Google Arts and Culture has turned 10. The initiative from Google puts museums from across the world at people’s fingertips across platforms — Web, iOS and Android. The aim is to allow users explore art, history, and wonders of the world — from zooming into detail in Van Gogh’s paintings, to taking a virtual tour of Delhi’s heritage. The team’s latest projects include a tool that can find your pet’s lookalike in art; and a selection of fun, cultural games, artworks that bring climate data to life.
As India celebrates 75 years of its independence, Google Arts & Culture is joining in the celebrations with a series of initiatives. On the occasion, we spoke to Simon Rein, Senior Program Manager, Google Arts & Culture. London-based Rein joined Google in 2013. Before this, he worked at the Prussian Cultural Heritage Foundation in public relations for their 19 National Museums in Berlin, and for the Humboldt Forum in the Berlin Palace. In the interview, he talks about the Google Arts & Culture’s journey in India, plans for 75th Independence Day and more
Q. Tell us more about this new exhibit you are launching on India’s 75th Independence Day? What’s the purpose and motivation behind this launch?
We built Google Arts & Culture to put the world’s cultural treasures at anyone’s fingertips and help museums and other organisations share more of our diverse heritage with the world. As Google Arts & Culture, we have been partnering with India partners for 10 years now. So it was obvious for us that we want to join the celebration of India’s 75 years of Independence. To mark the occasion, we went beyond archival storytelling and tried something special: bringing together the spheres of archives and artists. We worked with ten Indian artists to tell some of the most remarkable achievements of the history of modern India in more than 120 illustrations. We wanted to enable people all over India, and across the world, to learn more about India’s journey through some of its defining moments. But we also wanted it to be interactive and fun. That’s why we worked with an Indian quizzer to create the first Indian crossword puzzle on Google Arts & Culture.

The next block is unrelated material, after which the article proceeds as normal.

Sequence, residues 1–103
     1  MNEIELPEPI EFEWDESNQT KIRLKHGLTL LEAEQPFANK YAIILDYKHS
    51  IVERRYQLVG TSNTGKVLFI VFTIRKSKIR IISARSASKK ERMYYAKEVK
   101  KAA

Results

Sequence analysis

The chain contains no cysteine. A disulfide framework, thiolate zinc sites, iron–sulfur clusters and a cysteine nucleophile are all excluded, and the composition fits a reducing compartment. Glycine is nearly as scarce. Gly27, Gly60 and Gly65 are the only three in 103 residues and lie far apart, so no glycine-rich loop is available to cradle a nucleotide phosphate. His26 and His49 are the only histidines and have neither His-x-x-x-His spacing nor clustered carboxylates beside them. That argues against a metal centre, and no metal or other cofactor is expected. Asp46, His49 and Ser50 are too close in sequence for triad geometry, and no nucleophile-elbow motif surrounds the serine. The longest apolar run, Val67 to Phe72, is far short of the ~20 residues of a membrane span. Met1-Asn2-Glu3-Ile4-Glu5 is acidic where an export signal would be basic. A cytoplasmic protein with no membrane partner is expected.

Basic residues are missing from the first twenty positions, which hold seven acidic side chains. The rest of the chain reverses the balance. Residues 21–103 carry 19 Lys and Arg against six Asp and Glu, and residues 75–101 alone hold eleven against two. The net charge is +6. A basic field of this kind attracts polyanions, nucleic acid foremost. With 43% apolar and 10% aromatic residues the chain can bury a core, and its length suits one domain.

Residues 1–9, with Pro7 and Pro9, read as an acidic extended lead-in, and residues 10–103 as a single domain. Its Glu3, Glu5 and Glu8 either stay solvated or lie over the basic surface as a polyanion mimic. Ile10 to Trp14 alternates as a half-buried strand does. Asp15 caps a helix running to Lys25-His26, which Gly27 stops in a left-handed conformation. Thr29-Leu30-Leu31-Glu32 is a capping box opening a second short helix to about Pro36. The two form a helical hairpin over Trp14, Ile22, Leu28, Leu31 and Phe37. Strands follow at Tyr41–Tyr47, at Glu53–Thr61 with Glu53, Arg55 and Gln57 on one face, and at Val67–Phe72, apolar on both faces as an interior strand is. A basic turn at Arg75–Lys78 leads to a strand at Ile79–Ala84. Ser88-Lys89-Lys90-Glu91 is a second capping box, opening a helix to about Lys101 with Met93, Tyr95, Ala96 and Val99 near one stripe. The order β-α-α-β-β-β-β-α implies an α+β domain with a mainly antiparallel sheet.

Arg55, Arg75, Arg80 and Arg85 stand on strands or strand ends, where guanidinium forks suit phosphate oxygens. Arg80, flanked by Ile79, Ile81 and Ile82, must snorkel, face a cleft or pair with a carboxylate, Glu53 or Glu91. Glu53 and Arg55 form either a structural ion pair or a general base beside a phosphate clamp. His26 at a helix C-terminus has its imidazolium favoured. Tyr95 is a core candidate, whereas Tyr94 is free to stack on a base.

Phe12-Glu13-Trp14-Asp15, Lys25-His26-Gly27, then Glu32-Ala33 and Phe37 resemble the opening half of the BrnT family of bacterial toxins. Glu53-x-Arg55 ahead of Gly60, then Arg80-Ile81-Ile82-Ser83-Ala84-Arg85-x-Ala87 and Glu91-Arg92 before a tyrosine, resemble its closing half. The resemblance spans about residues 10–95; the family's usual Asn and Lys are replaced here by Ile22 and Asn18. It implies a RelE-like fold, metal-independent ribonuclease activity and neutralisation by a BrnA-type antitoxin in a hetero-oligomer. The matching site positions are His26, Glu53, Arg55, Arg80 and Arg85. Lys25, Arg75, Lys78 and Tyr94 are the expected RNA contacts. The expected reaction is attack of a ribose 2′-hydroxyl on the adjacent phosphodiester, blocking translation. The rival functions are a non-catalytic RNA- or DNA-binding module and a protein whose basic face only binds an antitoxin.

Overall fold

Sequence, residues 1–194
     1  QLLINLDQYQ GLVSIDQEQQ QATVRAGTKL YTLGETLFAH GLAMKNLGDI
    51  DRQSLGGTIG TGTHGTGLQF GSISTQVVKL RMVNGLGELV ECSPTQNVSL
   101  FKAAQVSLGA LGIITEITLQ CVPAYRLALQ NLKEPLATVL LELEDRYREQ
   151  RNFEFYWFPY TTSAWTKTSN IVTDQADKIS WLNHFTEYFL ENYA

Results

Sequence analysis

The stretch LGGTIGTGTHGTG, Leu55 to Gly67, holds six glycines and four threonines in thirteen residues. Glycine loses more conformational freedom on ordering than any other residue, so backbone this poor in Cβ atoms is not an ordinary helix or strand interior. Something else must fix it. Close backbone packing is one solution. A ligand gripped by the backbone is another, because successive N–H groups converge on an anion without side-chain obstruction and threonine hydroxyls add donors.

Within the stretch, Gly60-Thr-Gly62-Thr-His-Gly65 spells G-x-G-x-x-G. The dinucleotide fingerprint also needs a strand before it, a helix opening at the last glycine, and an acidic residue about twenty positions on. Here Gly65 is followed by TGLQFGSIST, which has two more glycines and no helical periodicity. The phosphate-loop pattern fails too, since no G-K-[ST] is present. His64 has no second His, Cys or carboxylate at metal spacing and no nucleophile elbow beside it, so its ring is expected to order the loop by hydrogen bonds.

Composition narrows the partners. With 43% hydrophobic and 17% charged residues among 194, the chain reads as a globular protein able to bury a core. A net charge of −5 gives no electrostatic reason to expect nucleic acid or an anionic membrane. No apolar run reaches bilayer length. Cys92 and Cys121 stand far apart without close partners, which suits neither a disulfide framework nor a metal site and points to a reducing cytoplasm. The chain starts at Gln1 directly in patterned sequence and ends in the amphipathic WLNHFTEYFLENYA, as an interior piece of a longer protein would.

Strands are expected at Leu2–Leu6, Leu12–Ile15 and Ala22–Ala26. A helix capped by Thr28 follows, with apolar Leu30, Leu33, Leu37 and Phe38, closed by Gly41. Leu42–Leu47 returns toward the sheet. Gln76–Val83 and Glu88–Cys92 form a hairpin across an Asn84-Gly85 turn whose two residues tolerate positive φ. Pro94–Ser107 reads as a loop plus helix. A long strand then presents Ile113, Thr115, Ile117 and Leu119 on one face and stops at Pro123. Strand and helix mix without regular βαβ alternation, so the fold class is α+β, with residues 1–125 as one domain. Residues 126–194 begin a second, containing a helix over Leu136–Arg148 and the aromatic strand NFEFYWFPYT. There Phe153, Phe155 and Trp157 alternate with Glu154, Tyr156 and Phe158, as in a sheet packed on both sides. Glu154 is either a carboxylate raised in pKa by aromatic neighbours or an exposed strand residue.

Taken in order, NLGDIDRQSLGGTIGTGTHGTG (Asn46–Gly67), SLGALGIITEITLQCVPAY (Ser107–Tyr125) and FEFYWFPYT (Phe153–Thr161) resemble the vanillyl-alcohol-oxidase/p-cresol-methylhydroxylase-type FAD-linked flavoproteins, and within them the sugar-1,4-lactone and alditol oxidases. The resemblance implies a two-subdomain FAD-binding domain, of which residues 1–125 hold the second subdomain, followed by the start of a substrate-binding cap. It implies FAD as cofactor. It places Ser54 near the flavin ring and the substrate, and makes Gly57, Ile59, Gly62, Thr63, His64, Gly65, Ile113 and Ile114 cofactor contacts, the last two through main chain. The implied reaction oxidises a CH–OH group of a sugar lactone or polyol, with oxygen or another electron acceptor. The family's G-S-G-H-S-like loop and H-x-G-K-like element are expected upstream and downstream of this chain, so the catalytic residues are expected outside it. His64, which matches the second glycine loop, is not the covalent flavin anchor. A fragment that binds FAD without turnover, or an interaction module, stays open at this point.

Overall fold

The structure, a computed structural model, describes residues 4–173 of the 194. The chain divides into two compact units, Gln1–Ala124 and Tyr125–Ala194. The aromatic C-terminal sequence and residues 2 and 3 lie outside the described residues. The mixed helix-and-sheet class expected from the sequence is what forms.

Q. How has Google Arts and Culture journey in India been over the last decade?
Over the last ten years, Google Arts & Culture has showcased India’s rich culture in many ways. This journey started in 2012 when the National Museum and National Gallery of Modern Art joined our platform, and has since continued. We are proud to have partnered with Indian institutions to bring India’s cultural heritage to people all around the world. Today, people from across the world can explore 2,100 exhibitions provided by more than 100 partners in India.
Q. What kind of challenges have you encountered while dealing with museums, curators, and officials, especially in India?
Indeed, there are always some challenges. Every piece of art and project is different and we need to treat it with respect and find the best way to show it. Much of Indian art has an invaluable cultural heritage dating back to thousands of years. This means that many of the artefacts are fragile and sensitive to light and humidity, requiring exceptionally careful handling. This is also why we have developed technologies that help meet the challenge of preserving these works. Let’s take as an example Art Camera. So much of the beauty and power of art lives in the details. We know that people love experiencing art in close detail. Millions of people spend time exploring our ultra-high resolution “gigapixel” images, inch by inch—spotting something new every time. With the Art Camera, museums can digitise these works with the global public while ensuring they’re preserved for future generations.
Q. How many museums/institutes are using the Google Arts and Culture platform in India?
Today, people from across the world can explore 2,100 exhibitions provided by over 100 partners in India.
Q. Who’s your biggest audience in India?
We are glad that many people in India enjoy Google Arts & Culture, as this makes museum visits and cultural archives more accessible across. Some people just can’t go to these places, some want to take a closer look at paintings they saw, others want to learn more at home about different aspects of their heritage. It touches on different topics, which also allows different groups to use it in different ways. For example, we think that this new collection ‘India Ki Udaan’ – published in English and Hindi – can be easily used in classrooms and by families to teach history and culture about India.